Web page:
website statistics

The Science of Being Well: Micronutrition

Science-fuelled innovations and technology are playing a surging role in our quest for healthier, happier lives. We look into the power of micronutrition to understand how it can track the imbalance in our health and give us lifestyle recommendations.

November 3, 2021

Most of us have been there: cutting down sugar this month, avoiding red meat the next, and constantly oscillating between the latest diets making the rounds in the media that are claimed to be good for us. 

“You and I are different. We aren’t the same age or sex, nor do we assimilate and digest nutrients the same way. We don’t get the same amount of sleep and physical activity. So why do we – and everyone – have to eat the same way?” asks Dr Samuel Kung, a French-born, Swiss-raised doctor and the city’s first specialised micronutritionist. “The best diet is a personalised diet.” 

Kung’s philosophy is driven by harnessing the power of technology to take our health into our own hands. He developed a passion for micronutrition after his mother’s cancer diagnosis a decade ago. “It was very important after her chemotherapy to detox the body and optimise her functions,” he recalls. “In Switzerland, I started to discover a new approach that could help her. I was amazed by the potential of this new concept.”  

See also: The Science Of Being Well: Prenetics

Dr. Samuel Kung | Photo: Symbionat Health

Earlier this year, Kung co-founded Symbionat Health (the name is a portmanteau meaning “the symbiosis between human biology and nature”), Hong Kong’s first micronutrition health centre, which offers the non-invasive IntraCell scanning system. In barely a minute, it gives a 360-degree diagnosis of a client’s micronutritional parameters by analysing the bio-impedance, galvanic skin response, heart rate and digital pulse wave data; this is followed by an in-depth consultation and customised lifestyle recommendations. 

Micronutrition is a relatively new life science. Originating in France some 30 years ago, it studies the balance of the microcosm in the human body. According to Kung, that spans everything from the nutrition and functional level of cells to hormones, neurons, immune reactions and the holistic synergy within the body. While it has gained widespread popularity across Europe, micronutrition has been slow to catch on in this part of the world. “Most micronutritionists are still using traditional ways of diagnosis like blood tests and saliva tests,” explains Kung. “We have found this very innovative approach to help us understand where the health disbalance is coming from. It’s changing the way I work as a micronutritionist."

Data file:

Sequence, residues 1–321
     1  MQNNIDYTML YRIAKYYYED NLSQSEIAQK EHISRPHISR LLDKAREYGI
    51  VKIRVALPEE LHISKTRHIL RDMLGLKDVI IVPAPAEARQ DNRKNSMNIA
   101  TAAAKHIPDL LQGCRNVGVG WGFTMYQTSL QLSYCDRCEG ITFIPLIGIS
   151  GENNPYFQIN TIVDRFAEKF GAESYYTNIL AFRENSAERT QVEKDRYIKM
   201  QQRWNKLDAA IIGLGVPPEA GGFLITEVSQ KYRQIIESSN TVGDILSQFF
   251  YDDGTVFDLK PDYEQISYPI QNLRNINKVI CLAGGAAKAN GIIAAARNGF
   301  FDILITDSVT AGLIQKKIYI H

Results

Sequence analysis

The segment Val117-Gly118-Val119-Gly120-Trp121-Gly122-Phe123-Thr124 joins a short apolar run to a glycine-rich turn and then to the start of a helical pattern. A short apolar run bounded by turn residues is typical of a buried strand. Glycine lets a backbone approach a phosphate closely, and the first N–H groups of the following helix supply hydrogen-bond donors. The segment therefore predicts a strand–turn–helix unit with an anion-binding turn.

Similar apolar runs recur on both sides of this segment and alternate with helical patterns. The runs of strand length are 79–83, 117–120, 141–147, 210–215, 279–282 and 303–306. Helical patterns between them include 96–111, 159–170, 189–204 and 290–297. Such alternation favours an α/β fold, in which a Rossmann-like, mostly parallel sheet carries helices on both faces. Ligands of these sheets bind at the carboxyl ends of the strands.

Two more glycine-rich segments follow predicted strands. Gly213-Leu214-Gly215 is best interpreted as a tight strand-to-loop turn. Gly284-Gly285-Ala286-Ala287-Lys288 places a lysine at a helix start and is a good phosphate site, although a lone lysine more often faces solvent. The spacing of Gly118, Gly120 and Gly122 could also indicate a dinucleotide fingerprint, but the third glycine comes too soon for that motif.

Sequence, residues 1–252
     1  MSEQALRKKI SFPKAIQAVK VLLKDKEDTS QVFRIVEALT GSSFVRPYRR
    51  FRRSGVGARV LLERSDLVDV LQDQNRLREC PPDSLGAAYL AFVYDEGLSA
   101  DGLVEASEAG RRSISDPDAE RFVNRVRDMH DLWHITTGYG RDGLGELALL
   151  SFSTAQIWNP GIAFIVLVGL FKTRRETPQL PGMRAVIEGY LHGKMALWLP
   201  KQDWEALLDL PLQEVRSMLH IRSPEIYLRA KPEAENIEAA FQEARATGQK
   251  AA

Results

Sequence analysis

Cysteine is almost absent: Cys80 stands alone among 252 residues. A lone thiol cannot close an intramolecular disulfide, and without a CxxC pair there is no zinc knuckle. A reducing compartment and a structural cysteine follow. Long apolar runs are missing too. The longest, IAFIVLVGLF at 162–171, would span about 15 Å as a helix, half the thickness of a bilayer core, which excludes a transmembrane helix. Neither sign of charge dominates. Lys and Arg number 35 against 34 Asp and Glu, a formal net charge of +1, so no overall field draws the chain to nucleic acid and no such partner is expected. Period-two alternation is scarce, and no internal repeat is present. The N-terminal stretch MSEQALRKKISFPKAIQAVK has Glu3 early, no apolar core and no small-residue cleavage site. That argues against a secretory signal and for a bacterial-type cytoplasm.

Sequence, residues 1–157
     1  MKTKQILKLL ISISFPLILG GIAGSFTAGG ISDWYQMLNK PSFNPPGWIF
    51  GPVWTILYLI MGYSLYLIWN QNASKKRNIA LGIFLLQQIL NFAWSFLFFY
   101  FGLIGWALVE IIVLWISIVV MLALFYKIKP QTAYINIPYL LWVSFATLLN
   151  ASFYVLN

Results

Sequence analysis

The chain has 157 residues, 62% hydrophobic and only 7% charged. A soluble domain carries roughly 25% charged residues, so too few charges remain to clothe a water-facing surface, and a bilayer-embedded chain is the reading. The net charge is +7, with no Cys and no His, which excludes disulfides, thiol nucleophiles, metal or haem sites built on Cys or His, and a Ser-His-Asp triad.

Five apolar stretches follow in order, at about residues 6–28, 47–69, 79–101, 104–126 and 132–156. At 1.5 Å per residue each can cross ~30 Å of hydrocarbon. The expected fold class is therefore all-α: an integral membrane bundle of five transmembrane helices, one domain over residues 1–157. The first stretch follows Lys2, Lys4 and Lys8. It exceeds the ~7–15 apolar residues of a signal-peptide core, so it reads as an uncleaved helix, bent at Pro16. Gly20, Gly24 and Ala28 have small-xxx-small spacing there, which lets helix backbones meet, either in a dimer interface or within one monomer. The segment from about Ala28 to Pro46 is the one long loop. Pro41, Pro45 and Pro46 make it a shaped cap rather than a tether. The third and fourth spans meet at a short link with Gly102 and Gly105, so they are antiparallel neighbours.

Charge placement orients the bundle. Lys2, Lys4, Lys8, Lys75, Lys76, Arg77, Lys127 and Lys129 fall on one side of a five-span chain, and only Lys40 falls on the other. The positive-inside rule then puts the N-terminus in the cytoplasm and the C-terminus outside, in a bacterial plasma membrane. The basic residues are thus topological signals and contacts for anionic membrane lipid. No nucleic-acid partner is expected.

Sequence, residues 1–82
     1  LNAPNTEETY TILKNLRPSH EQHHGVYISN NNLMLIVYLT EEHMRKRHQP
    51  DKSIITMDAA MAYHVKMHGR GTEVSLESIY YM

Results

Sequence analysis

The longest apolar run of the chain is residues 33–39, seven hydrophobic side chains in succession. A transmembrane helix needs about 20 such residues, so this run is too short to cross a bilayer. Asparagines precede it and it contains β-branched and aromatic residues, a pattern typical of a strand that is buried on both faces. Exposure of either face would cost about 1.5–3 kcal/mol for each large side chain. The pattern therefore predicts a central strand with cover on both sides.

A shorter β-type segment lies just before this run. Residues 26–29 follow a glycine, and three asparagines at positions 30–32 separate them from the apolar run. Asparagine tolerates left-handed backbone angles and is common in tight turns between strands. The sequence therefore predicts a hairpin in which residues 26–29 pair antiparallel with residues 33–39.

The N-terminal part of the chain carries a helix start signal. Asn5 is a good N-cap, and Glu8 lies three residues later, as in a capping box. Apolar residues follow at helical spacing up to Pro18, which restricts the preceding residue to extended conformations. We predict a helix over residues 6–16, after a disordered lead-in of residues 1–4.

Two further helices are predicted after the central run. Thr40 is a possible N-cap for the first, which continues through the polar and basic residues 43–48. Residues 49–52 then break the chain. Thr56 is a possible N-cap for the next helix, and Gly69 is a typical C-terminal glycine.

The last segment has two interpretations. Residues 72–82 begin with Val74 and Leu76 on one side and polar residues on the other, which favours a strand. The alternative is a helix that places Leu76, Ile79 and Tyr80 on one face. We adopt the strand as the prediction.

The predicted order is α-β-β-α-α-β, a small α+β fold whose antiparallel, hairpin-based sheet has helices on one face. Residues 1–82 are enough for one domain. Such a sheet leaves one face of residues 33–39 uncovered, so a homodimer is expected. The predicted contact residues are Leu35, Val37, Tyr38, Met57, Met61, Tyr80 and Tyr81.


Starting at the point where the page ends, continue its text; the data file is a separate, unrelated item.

After just a minute of standing on the sleek scanner with my hands and feet placed on the attached metal sensors, the screen in front of me lights up with pages of data about my health, captured in surprisingly scrupulous detail. It covers a variety of things: body composition; microcirculation, cardio, vertebral, and stress scores; and dietary and micronutritional recommendations – all of which are easily revisited and tracked on Symbionat Health’s dedicated app. 

Symbionat Health's non-invasive scanner | Photo: Symbionat Health

For example, my report recommends less beetroot (a fixture in my daily salads) and a greater intake of celery, onions, and tomatoes – items I typically steer clear of. I’m also suggested supplements to combat certain micronutritional deficits. The ease of diagnosis and accuracy of information is eye-opening, and could certainly be critically helpful for some.  

“Our philosophy encompasses two paths; one is the medically certified clinical path and the other is the wellness path,” adds Yongyan Liu, CEO and co-founder of Symbionat Health. “Through the report, we can instantly spot certain indexes that are at risk or in the danger zone. We can then transfer you, if necessary, to a clinical consultation or recommend you to a specific test in the hospital as well.” 

Kung asserts that Hong Kong is at the perfect point in time to spread the word about micronutrition – not only because of the city’s aptitude for time-saving, tech-driven solutions but also our pressing need for better health. “The four pillars of health are nutrition, sleep, physical activity, and management of stress,” he says. “That’s why there are a lot of health issues in Hong Kong that are easily avoidable if we know how. For this, we need to educate and bring them the knowledge.” 

As a way to do this, Symbionat Health regularly hosts workshops and provides co-certification programmes to train up future micronutritionists, who will also be able to operate the smart diagnosis system. Yet despite the rapid-paced advancement of life science technology, both Kung and Liu, who spent years in Sweden, believe that good health is inseparable from Mother Nature. “Licking the sun is a typical Swedish expression for their love of nature,” says Liu. “This is my philosophy, too – how close humans should be to nature.” 

Kung, who also specialises in traditional Swiss natural therapy, adds, “In our philosophy, technology is a very interesting tool for us, but it stays a tool. The concept we want to express is a balanced lifestyle and close synergy with nature. Yes, we’re using technology, but the philosophy behind it is simplicity.”